A shaded forest with dappled light, a warm sunny meadow with grass tickling your feet, a cacophony of frogs, insects and birds in a wetland marsh, a sandy beach with the lapping of water washing up on the shore, these natural landscapes are ideal for nature and forest therapy. Unfortunately, during times of quarantine where we are asked to stay indoors these places are inaccessible. These natural environments immerse your entire being into a meditative state like no other. However, there are simple practices that we can still utilize from nature and forest therapy to glean the benefits from our yards and inside our homes. You are one of the fortunate ones if you have a yard to escape to. Most yards contain all the elements to immerse your senses so you can connect with nature and yourself. If you do not have a yard, use a window, house plants, even fresh vegetable and fruits can be used. You will just need to be a little more creative.
Forest therapy is a slow, mindful walk with the purpose to slow down, open your senses and embrace the feeling of being alive in the present moment. Nature and forest therapy is a practice that assists you on your inner journey. Quarantine has many of us going inward. Quarantine has many of us questioning ourselves, our emotions, our actions, our purpose. Nature and forest therapy not only helps you with this process you may also find that it is a very supportive and nurturing process. So where do we start?
Let’s start by honoring yourself and dedicating the time to do this practice. That means turn off your gadgets. All of them. Even vibrate mode will pull you out of your meditative state. So do yourself a favour and dedicate time for this practice and let the natural world be your way to connect.
Greet the land. This means, look around and see it’s true abundance. Smell the odours, feel the breeze, listen to the stillness or the buzzing of energy. Take it all in. Notice where you are and breathe. Notice your place in this moment. Feel the abundance and the gratitude of all that surrounds you.
Slowly wander around just noticing things that are drawn to your attention. This could be through any of your senses. If you notice a certain colour, a distinguished smell, or something that looks interesting to touch, do what comes naturally to you. If you want to observe from afar or you want to get up close and engage with it, go with what feels right for you. Being in the moment is about listening to what you are wanting to do and doing it.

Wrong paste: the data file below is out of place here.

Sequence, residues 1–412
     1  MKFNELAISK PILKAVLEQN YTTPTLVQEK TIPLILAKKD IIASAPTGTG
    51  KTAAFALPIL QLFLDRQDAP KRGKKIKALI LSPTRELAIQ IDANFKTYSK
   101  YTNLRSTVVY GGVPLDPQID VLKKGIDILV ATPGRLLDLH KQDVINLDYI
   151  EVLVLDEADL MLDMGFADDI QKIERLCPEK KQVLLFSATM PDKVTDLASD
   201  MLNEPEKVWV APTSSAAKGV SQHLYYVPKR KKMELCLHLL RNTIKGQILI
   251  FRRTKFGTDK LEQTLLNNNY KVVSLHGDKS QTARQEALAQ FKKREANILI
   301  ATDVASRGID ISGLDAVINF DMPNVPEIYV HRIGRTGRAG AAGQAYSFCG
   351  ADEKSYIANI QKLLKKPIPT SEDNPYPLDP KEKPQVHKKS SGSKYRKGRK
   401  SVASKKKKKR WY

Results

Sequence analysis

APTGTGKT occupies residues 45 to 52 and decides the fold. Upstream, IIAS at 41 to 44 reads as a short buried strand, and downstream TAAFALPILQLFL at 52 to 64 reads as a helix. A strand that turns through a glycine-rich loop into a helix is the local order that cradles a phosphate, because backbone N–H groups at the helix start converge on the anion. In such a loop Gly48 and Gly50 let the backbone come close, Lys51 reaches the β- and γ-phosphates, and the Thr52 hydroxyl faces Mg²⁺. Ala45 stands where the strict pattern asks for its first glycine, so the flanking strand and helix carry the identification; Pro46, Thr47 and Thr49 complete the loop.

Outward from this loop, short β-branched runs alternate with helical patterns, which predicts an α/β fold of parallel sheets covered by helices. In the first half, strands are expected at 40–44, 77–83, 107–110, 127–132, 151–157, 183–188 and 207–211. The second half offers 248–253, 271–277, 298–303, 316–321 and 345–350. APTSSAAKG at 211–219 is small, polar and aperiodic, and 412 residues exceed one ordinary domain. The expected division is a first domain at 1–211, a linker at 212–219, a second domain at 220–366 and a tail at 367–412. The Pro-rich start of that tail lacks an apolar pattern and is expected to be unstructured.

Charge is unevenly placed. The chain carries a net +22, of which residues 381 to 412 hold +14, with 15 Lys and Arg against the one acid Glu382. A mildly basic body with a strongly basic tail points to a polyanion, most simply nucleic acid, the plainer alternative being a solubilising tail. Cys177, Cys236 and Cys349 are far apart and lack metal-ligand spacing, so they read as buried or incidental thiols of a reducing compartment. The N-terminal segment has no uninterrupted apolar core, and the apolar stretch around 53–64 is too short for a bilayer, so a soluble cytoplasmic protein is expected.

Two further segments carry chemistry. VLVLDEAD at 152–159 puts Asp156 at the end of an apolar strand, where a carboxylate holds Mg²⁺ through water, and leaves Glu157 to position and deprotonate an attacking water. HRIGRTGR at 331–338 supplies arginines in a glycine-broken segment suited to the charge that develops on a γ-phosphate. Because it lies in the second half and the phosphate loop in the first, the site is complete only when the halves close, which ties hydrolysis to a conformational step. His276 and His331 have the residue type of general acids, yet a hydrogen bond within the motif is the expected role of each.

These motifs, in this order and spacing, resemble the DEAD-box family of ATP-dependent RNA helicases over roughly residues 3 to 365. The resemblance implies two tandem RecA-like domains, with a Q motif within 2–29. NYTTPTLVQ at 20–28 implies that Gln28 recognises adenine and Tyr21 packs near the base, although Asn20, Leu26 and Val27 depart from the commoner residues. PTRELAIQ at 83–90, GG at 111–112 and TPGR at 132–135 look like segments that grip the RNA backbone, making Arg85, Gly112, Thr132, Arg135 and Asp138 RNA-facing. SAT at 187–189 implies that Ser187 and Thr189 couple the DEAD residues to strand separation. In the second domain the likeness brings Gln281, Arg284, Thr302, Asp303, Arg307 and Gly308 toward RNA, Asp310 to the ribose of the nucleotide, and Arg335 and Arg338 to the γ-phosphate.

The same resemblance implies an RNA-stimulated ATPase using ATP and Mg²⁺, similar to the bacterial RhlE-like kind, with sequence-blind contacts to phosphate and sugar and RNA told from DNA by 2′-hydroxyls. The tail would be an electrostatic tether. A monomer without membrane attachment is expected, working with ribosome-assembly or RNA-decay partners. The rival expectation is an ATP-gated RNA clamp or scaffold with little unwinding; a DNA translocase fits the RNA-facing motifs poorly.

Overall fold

Find a place for you to sit for Sit Spot. Sit Spot is a practice that is most likely to be the most valuable experience. When done regularly, Sit Spot alone has the potential to transform your life. Find a spot that speaks to you. This spot can be by a tree, a plant, in your lawn chair facing the only nature around you, on your deck, from your window, next to a house plant or any other being. This spot just needs to be a place where you want to go, easily accessible and where you feel comfortable going to and just sitting. Come to this spot daily for 10 to 15 minutes to start. Allow yourself to relax and give yourself permission to do nothing. You may feel inclined to stop short, pull out something to read or write, or do anything to distract yourself. But take the time to just be aware of what is all around you and what is happening inside of you.
If you want to get an extra source of therapeutic body care, touch the earth with your hands and/or feet. Earthing or grounding is when you physically connect with the earth. When grounded, free electrons move freely from the earth to the body reducing free radicals and eliminating any static electrical charge. Grounding reduces and prevents inflammation from occurring in the body. Inflammation may be the main reason for most if not all chronic diseases. So, why not reduce your inflammation in a natural and soothing way.
Nature and forest therapy can occur at any time and any where. If you are really limited to nature then this is where your sense of imagination comes in. Close your eyes and imagine yourself somewhere in nature. Go through the motions of a therapy walk in your mind and sense the feelings within your body.
After your first forest therapy walk you may perhaps notice a similarity of this practice to other practices. What it boils down to is stilling yourself in this moment. Right here, right now. Noticing what is coming up for you. It is what you do with these noticings that will help you in your life. This practice of slowing down and connecting with nature to help you slow down is the first step to finding you and your true path. If you would like more information on nature and forest therapy go to www.naturesndforesttherapy.org.